The LA Times reports that as US studios depend more on foreign revenue, the more they lean on the spectacle that needs no translation: VFX.
The star now is the spectacle. Studios can spend more than $100 million just on the special effects necessary to make Spider-Man swing through New York in 3-D or Iron Man and the Hulk plow through an enemy army.
Of course for those of us that work in the industry this is nothing new. VFX has been the star for quite a while and don’t forget the immense amout of VFX work done on animated blockbusters. However as important as VFX is, the industry is still incredibly small for even the US.
Most of the VFX work is for the 6 US Studios based in California and they seem to be pretty honest on how bad they need it. Dreamwork’s live-action studio received funding from Reliance on the condition they create more VFX spectacles and less oscar-nominated dramas. And one Disney executive says the story can take a backseat:
“People say ‘It’s all about the story,'” Hendrickson said. “When you’re making tentpole films, bullshit.” Hendrickson showed a chart of the top 12 all-time domestic grossers, and noted every one is a spectacle film. Of his own studio’s “Alice in Wonderland,” which is on the list, he said: “The story isn’t very good, but visual spectacle brought people in droves. And Johnny Depp didn’t hurt.”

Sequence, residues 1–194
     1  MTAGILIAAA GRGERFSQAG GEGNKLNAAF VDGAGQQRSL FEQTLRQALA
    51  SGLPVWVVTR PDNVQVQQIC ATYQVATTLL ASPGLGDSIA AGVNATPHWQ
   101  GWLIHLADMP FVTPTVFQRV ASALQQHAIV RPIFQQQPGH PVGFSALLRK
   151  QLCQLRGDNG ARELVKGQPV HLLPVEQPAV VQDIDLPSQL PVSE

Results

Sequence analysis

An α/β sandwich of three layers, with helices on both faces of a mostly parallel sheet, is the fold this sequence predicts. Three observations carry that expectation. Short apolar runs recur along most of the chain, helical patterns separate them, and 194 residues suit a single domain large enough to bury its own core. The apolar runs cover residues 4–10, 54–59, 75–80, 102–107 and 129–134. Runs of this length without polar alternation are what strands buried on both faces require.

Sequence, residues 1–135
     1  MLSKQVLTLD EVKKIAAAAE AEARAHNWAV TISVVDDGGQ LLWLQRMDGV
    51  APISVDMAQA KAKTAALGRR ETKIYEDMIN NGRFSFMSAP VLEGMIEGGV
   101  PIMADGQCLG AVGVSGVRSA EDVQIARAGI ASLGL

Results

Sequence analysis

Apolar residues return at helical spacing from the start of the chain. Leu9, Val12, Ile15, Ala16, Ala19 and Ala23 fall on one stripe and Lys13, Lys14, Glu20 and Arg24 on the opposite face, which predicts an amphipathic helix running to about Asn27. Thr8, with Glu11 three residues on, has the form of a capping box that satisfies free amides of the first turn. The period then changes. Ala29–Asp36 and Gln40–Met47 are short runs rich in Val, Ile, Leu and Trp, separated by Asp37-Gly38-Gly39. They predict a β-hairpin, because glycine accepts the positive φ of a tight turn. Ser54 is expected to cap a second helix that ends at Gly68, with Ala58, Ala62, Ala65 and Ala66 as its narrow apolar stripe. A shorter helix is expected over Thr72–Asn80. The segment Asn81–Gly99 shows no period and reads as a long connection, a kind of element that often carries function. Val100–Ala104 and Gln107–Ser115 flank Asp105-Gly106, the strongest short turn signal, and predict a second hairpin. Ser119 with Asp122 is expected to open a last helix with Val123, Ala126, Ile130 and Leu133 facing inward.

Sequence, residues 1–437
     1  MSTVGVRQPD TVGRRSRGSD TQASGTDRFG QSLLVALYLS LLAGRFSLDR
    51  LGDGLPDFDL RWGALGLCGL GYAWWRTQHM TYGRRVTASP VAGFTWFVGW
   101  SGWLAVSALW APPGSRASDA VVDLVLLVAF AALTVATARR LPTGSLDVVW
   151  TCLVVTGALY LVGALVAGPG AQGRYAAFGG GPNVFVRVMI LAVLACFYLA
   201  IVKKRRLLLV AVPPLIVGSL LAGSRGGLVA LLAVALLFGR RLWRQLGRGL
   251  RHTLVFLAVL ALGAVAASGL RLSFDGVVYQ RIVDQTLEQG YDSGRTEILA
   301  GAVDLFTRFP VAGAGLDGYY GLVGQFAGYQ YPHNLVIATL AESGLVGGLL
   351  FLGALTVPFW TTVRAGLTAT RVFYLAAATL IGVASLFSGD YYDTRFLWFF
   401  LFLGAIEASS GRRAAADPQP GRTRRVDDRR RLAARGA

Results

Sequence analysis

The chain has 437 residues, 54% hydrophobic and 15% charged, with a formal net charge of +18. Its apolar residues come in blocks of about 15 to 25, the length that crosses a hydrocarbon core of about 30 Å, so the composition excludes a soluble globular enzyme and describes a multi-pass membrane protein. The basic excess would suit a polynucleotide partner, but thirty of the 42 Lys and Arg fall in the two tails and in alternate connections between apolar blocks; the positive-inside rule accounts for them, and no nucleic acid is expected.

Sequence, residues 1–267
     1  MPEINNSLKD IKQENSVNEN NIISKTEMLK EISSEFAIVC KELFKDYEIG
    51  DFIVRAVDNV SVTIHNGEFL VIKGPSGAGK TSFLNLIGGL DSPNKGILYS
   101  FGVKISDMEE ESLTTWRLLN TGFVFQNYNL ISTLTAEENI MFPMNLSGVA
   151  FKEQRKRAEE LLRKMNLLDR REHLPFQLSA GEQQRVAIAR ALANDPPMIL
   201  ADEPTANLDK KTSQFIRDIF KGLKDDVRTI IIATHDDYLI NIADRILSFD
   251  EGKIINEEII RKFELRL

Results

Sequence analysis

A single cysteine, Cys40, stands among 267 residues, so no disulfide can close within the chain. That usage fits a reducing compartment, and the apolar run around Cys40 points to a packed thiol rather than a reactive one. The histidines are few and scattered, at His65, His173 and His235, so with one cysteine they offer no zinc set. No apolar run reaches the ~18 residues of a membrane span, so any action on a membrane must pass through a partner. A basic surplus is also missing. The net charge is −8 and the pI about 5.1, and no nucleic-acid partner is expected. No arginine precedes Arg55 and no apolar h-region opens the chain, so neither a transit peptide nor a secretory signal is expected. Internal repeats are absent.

What’s amazing is how such an incredible opportunity has been squandered by those of us in the VFX industry from the facility owners to the rest of the working professionals. Most facilities are basically paying to do the work as they underbid each other and some are at risk of not finishing projects at all, leading to bad quality.
I can’t help but be reminded of Variety’s David S. Cohen’s article which came out almost 5 years ago this month which focused on the dangerous squeeze the studios put us through:
“If I don’t put a visual effects shop out of business (on my movie), I’m not doing my job.”